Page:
[racket] Question

From: Neil Van Dyke (neil at neilvandyke.org)
Date: Wed Sep 5 18:10:36 EDT 2012

Rüdiger Asche wrote at 09/05/2012 04:53 PM:
> Regardless, for the sake of the excercise, it's kind of enlightening 
> that your solution actually reduces to the naive approach - when I was 
> in school (before the last ice age if I recall correctly) , we'd 
> probably be asked to come up with an elegant *algorithmic* solution 
> (which means, for example, something like a tower of Hanoi type 
> circular swap which naturally beats the naive approach in the general 
> case) -

> if the choice now is between two approaches that actually do the same 
> thing only on two different abstraction levels - does that imply that 
> the student is already so familiar with the syntactic expansion 
> mechanism that he or she "looks behind the macro" at first glance and 
> is able to identify both as based on the same procedure and only takes 
> the macro approach for better readability -

CS undergrads are still taught algorithms and algorithmic efficiency, 
and some of them also learn a bit about lower-level stuff in an OS or 
compilers class.  But I wouldn't expect the average CS undergrad using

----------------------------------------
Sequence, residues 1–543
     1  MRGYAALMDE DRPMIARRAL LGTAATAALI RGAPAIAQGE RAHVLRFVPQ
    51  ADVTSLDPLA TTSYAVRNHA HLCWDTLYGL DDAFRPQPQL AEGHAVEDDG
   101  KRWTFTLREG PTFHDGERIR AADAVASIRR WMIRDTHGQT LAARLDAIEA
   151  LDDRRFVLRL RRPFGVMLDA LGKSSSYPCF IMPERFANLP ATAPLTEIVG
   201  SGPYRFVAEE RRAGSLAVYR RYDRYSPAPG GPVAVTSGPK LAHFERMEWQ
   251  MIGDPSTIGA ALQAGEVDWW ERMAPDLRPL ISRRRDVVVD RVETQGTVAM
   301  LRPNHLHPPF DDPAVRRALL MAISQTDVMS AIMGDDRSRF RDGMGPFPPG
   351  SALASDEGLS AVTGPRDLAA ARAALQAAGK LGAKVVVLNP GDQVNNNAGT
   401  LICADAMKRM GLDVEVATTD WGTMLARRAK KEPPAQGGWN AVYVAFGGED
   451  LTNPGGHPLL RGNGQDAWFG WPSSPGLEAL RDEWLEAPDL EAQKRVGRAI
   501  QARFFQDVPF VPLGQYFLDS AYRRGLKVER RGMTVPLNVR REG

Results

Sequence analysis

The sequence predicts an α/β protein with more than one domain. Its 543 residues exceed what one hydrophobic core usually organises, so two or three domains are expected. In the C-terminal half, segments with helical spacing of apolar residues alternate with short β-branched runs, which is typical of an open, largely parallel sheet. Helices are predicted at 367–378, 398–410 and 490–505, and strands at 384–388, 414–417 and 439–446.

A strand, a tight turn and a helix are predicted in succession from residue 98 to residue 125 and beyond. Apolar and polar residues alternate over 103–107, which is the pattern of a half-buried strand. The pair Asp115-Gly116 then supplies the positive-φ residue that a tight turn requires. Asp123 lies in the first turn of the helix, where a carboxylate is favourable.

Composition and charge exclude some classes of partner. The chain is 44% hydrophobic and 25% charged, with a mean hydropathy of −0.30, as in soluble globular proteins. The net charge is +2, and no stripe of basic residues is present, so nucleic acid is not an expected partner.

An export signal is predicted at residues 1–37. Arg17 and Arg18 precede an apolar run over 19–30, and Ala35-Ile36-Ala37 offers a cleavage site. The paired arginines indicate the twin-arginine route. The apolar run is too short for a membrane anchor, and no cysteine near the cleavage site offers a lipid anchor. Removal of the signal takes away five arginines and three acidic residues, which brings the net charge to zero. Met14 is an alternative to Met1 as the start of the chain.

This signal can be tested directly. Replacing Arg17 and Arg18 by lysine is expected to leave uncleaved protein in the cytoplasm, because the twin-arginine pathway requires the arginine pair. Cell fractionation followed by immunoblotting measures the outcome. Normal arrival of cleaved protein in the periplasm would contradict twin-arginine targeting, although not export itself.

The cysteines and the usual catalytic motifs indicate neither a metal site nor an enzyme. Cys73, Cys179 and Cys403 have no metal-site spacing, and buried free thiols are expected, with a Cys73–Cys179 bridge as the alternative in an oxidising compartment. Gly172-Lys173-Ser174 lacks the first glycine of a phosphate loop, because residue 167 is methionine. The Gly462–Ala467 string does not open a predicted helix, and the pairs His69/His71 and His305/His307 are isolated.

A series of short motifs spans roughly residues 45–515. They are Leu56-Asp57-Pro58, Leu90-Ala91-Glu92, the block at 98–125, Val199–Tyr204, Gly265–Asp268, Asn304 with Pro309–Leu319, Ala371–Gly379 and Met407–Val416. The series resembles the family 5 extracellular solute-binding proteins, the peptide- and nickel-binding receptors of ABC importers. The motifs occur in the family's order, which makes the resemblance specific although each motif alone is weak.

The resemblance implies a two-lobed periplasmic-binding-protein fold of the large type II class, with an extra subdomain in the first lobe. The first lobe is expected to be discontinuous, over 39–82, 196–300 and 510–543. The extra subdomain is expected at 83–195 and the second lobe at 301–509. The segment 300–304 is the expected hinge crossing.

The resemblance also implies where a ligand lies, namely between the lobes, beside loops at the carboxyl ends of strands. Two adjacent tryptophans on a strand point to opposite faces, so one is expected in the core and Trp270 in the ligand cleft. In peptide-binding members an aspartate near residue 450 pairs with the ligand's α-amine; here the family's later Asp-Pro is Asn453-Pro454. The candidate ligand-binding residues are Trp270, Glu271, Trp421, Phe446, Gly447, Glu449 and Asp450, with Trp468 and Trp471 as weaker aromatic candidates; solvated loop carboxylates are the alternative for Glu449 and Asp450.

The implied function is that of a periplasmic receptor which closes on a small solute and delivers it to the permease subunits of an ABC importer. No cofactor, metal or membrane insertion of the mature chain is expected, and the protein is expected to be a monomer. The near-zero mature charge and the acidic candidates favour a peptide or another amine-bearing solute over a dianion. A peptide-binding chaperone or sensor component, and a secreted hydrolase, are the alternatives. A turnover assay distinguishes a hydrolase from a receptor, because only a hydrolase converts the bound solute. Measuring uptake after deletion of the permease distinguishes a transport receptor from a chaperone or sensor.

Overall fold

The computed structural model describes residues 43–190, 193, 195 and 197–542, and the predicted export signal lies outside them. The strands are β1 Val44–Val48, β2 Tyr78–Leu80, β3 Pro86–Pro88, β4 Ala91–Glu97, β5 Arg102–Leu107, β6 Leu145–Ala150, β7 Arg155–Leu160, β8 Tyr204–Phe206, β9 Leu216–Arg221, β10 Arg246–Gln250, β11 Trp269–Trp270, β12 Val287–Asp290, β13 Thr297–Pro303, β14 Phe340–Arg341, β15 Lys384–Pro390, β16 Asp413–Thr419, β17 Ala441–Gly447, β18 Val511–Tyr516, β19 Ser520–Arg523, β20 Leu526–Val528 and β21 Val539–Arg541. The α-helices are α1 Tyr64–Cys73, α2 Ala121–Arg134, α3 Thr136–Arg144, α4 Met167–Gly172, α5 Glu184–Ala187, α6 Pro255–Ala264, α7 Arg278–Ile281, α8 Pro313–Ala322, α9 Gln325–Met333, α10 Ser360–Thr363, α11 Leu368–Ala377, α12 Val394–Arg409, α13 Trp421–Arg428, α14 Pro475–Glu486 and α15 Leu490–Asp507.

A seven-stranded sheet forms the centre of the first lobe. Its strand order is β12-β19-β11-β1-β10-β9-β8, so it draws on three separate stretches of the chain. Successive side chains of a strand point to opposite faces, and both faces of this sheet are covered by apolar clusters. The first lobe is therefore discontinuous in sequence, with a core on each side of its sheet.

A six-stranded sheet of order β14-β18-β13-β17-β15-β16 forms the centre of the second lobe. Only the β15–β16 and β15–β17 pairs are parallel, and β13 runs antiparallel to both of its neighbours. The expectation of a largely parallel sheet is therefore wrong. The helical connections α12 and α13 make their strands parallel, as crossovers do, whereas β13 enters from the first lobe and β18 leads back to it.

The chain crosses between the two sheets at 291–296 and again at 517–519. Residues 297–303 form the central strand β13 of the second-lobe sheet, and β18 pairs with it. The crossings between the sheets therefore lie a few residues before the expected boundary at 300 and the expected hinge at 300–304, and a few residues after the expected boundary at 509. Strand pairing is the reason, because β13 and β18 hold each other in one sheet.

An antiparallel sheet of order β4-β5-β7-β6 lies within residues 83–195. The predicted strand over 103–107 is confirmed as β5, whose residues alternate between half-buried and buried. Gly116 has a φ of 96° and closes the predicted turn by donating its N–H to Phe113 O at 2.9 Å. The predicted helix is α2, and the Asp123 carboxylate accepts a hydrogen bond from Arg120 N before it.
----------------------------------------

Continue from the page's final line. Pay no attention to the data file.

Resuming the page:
Racket to have much idea how the "match" form is implemented, nor its 
performance characteristics.

Overall, I'd say that a smaller percentage of developers nowadays have 
awareness of how to write efficient code, than did a couple decades 
ago.  There's less need for it.  The computers are faster, the typical 
languages are higher level, and the barrier of effort required to do 
satisfactory software seems lower.  (A lot more stuff, such as in Web 
development, can be done at the skill level of what used to be MIS 
clerical workers, although the nature of the work is a little different.)

Learning efficiency is also harder now, when your program is fast 
regardless of how you write it, and you can't just count machine code 
instructions or use simple rules like "function calls and malloc are 

The people who can do work in which efficiency still matters -- OS 
internals, embedded systems, large scalable systems, scientific 
computing, etc. -- still exist, just like they used to.  Some of them 
are even developing Racket or using Racket.

Neil V.

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